Funding for teacher pay raises critical
Gov. John Bel Edwards wants to give Louisiana teachers a $1,000 a year pay increase and support workers $500. Education leaders question whether that will help much.
Teachers believe insufficient salaries are the major reason science and math teachers are hard to find and that too many in the classroom are teaching out of their fields. Most legislators have been silent on the issue because they aren’t going to vote for a pay raise in an election year if it requires higher taxes.
The state Department of Education said there are 48,749 teachers and 38,749 support employees. The support workers drive buses, serve as aides, work in cafeterias, handle clerical duties and do skilled work. The raises Edwards is recommending would cost $114 million per year.
The Advocate said after years of state efforts average teacher pay reached the regional average in 2008. It began to fall below that in 2012 because of budget problems. Louisiana teacher pay today averages $49,745, and the Southern average is $50,955.
Some taxpayers will say Louisiana isn’t in such bad shape when compared to other regional states. However, there are other issues to consider. For example, should math, science and special education teachers be paid more since they are hard to find? And John White, state superintendent of education, said Louisiana definitely has a teacher shortage right now.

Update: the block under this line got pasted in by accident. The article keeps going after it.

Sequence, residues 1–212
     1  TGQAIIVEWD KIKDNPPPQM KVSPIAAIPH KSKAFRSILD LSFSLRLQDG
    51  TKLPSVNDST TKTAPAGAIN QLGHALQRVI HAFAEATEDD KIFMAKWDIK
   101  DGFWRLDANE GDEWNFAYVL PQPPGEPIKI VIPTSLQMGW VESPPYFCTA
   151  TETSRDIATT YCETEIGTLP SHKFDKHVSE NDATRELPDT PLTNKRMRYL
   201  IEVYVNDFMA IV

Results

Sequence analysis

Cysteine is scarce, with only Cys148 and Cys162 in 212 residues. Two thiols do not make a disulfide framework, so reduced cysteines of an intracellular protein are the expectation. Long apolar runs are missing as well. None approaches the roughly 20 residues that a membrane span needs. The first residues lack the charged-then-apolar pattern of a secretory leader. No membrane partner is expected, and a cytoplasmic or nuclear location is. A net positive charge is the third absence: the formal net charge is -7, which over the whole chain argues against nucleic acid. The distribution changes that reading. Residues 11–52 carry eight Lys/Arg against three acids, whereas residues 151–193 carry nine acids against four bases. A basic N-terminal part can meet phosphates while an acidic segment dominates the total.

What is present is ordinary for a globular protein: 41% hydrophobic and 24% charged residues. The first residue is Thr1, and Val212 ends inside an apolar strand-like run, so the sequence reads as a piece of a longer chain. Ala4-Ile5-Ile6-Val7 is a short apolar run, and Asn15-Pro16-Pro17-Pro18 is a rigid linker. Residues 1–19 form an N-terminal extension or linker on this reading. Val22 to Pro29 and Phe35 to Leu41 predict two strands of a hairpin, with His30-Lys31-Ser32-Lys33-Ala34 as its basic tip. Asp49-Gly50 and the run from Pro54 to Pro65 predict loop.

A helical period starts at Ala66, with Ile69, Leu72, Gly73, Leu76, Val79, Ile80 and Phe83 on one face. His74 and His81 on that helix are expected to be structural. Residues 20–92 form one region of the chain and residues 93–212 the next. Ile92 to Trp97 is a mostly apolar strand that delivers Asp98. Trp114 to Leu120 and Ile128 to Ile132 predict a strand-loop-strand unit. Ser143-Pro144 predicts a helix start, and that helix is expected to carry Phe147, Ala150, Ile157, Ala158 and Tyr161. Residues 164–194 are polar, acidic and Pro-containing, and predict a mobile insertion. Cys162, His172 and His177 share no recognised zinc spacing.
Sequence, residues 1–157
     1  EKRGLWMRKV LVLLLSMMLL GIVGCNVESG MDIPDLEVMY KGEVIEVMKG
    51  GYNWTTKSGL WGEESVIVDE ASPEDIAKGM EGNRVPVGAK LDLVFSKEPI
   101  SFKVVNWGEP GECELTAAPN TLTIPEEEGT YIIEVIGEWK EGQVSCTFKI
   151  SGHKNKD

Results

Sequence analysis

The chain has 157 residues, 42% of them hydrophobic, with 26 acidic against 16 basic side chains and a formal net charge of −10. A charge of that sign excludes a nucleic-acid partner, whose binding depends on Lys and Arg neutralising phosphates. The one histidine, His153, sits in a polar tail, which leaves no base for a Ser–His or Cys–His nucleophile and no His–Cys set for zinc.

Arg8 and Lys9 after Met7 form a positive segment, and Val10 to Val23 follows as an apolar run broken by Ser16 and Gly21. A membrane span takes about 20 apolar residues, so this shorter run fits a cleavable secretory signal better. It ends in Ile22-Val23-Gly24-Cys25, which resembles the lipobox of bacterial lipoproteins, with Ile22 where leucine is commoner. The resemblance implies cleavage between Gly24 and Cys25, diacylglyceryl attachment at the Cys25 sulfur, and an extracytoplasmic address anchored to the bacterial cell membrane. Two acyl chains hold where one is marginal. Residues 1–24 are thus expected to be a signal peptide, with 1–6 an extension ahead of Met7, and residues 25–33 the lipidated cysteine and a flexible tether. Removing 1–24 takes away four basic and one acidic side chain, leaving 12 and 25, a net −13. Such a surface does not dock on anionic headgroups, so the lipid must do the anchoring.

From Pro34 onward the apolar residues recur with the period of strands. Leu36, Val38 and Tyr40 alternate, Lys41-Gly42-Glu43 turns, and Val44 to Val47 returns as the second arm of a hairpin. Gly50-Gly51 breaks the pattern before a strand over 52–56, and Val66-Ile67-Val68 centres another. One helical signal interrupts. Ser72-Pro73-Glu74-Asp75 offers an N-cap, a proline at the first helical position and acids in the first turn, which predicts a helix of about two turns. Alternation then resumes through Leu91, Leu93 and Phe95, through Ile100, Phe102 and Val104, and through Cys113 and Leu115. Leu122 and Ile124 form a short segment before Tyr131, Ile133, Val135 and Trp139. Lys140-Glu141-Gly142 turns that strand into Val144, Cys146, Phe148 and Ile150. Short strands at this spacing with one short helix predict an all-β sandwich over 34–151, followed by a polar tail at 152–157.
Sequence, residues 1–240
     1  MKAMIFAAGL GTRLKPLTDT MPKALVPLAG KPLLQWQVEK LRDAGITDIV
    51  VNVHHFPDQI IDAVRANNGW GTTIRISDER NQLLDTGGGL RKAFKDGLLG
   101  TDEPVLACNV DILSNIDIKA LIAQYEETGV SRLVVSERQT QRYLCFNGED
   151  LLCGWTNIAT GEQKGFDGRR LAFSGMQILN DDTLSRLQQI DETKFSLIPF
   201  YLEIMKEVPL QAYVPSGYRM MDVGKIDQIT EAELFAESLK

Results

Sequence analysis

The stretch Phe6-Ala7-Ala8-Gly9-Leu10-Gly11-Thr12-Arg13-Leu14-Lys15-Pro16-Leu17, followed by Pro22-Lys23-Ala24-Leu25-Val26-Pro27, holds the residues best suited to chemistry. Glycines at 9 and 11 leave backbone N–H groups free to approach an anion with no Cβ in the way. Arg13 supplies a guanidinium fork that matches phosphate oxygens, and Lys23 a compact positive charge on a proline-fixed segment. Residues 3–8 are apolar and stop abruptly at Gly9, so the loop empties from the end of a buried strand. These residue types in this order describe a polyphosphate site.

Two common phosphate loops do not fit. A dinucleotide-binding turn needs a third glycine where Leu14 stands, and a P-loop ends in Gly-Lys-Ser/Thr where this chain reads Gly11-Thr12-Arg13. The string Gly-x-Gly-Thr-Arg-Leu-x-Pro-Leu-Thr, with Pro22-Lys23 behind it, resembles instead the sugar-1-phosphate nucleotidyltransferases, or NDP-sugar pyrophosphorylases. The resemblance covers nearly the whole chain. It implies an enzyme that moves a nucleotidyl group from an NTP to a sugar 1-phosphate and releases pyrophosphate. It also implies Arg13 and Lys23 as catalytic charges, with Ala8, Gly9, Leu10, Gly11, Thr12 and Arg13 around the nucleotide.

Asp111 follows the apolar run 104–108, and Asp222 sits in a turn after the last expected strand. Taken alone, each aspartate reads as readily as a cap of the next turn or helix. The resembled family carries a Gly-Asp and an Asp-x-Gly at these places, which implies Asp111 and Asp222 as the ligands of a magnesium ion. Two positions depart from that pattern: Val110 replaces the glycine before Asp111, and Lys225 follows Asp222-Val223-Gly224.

Debra Schum, executive director of the Louisiana Association of Principals, told the newspaper the public needs to know the problem of teacher vacancies and uncertified teachers in the classroom.
"I think those numbers are greater than people realize," she said.
It comes as no surprise that the three school districts with the lowest average salaries also have the highest rates of uncertified and out-of-field teachers — over 25 percent in each district.
A Livingston Parish educator said, "The first thing they (prospective teachers) say to me is, ‘I can’t be an educator because it won’t pay the bills.’"
Whether the state will have enough revenues to finance education pay raises won’t be clear until December. If there is extra money, legislators, who will make the final decision, don’t meet until April 4 and some of them may have higher priorities.
We hope additional revenues are available to boost educators’ pay because the future of the state’s children depends on them receiving a quality education.